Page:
We will ask for your permission to video- or audio-record the entire medication dosing session. A separate signature line for this is included at the end of this consent form. The purpose of this recording is to enable you (because you will receive a copy) and the investigators to review your experience and how the therapist interacts with you. These recordings will be kept in our locked offices in locked file cabinets or in encrypted, password-protected formats accessible only by research staff. You may choose to give permission for recording, or decline to give permission for recording, and your decision will not affect your ability to remain in the study.
- Integration sessions will take place at the same clinic room as before. You will have three integration sessions over the course of 2-3 weeks. Each integration session will last 60-90 minutes. The first integration session will occur on the day following the medication dosing session and you will have two additional integration sessions approximately every week after that. These sessions will be conducted by your two study therapists. The study therapists will ask you about your experience during the medication dosing session and will provide guidance designed to enable you to interpret what the experience might mean for you. The therapists will refrain from telling you your experiences mean—the interpretation is ultimately up to you. After each integration session, you will be asked to fill out questionnaires to assess your psychological symptoms, some of which will be identical to the questionnaires you completed in the baseline set.
The third integration session will be take place about four weeks after your medication dosing day. At this visit, you will complete another set of questionnaires, and have another 30 minute interview with a study clinician that will assess your psychological symptoms. This information will be very similar to the baseline symptom questionnaires and interview.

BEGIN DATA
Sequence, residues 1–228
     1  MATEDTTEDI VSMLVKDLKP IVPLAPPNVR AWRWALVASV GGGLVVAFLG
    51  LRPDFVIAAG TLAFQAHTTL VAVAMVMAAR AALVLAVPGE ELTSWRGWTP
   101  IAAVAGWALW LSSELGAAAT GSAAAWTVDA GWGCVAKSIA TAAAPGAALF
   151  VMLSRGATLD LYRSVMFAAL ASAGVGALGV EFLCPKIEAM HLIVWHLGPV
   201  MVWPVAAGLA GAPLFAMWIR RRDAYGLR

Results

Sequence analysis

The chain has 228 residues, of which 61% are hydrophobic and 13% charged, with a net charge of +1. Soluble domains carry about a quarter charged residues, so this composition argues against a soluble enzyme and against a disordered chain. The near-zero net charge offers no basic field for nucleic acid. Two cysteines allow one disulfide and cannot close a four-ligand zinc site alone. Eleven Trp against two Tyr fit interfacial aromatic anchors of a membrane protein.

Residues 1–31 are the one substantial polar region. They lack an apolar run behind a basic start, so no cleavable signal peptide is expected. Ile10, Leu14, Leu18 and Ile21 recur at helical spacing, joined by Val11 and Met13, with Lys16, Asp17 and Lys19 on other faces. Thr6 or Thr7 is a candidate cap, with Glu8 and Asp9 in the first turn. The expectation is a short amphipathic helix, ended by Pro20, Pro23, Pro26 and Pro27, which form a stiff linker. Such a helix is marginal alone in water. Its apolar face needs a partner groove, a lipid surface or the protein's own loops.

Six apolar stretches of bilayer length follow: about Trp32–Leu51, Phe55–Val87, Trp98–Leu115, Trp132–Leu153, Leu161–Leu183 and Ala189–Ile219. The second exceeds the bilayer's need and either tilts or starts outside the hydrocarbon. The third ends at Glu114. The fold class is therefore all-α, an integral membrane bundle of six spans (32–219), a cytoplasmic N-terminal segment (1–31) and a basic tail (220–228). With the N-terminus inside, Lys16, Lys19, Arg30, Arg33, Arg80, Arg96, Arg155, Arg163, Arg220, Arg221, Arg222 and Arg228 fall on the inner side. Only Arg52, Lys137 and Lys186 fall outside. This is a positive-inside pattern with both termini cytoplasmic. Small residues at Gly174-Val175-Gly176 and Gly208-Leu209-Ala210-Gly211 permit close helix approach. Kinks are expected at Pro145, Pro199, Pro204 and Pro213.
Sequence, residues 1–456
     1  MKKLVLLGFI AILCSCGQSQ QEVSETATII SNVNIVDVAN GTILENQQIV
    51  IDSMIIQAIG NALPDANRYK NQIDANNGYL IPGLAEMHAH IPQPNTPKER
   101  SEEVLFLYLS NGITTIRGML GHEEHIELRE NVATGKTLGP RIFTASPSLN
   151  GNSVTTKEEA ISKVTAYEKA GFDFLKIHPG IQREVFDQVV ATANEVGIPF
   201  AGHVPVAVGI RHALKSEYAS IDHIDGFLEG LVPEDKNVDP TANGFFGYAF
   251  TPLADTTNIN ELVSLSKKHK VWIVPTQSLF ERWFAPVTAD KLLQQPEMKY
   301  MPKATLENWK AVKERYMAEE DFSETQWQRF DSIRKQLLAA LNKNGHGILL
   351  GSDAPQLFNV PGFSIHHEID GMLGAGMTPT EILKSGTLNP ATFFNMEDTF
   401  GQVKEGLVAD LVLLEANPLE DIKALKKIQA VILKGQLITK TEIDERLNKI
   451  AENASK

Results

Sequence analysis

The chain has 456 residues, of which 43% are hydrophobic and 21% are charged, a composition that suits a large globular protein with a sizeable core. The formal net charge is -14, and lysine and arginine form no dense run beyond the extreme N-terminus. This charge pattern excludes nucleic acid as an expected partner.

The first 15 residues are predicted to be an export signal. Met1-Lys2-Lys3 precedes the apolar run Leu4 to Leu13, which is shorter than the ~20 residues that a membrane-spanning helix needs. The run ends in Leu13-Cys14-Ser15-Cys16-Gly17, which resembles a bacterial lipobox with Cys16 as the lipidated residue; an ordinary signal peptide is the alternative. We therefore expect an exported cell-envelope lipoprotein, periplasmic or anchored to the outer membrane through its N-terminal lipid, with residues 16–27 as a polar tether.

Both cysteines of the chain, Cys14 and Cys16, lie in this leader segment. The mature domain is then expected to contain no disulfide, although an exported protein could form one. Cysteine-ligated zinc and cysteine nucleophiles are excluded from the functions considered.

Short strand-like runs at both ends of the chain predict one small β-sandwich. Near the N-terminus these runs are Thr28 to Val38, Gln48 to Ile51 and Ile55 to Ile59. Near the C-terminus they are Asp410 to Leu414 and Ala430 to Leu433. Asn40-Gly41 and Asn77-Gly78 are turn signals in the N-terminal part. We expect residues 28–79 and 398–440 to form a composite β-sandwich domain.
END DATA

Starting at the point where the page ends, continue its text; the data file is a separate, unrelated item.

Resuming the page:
- Disclosure of drug group and optional open label phase
After the four week questionnaires, you will receive information about whether you received psilocybin or placebo during your medication dosing session. If you are assigned to the active placebo and after your unblinding, then you may have the opportunity of receiving the study drug, psilocybin. To receive psilocybin in an open label phase, you would complete a new set of questionnaires, symptom interview, preparation sessions, medication dosing session, and integration sessions similar to those described above. Information will be collected, and study procedures performed for subjects who select this option, and as above for the study.
- Follow-up procedures will take place remotely a 2, 3, and 6 months after your medication dosing session. This follow-up will be conducted by phone or video-conference and will take about 30 minutes to complete each time.
If you receive psilocybin, whether initially or in the open label phase, you will be asked to complete a set of study questionnaires and a symptom interview.
RISKS, STRESS, OR DISCOMFORT
We will take care to collect all of the information we need to ensure that you can safely participate in this study before initiating any of these procedures. You will not be able to participate in this study if you have an unstable medical or neurological condition, or if your psychiatric condition is sufficiently concerning that the psychiatrists associated with our clinic think it would be unsafe or unwise for you to participate in this study.
Interruptions in existing treatments or delay in seeking other treatments
In order to participate in this study, you may have to change any treatments you are currently receiving for your symptoms. In particular, if you are taking any antidepressant medication, you will need to be tapered off that medication prior to entering the study, and you may experience worsening of symptoms during that period. In order to minimize this risk, you will be able to contact a study physician 24 hours a day should any problems arise.
In addition, you will need to refrain from starting any new antidepressant medications that act on the serotonin system in the body during the entire study period, until you have completed the questionnaires and symptom interview that occur four weeks after the medication dosing session. The study physicians will make exceptions for worsening symptoms or emergencies.
Your participation in the study will be terminated immediately if your condition significantly worsens, especially if you feel suicidal.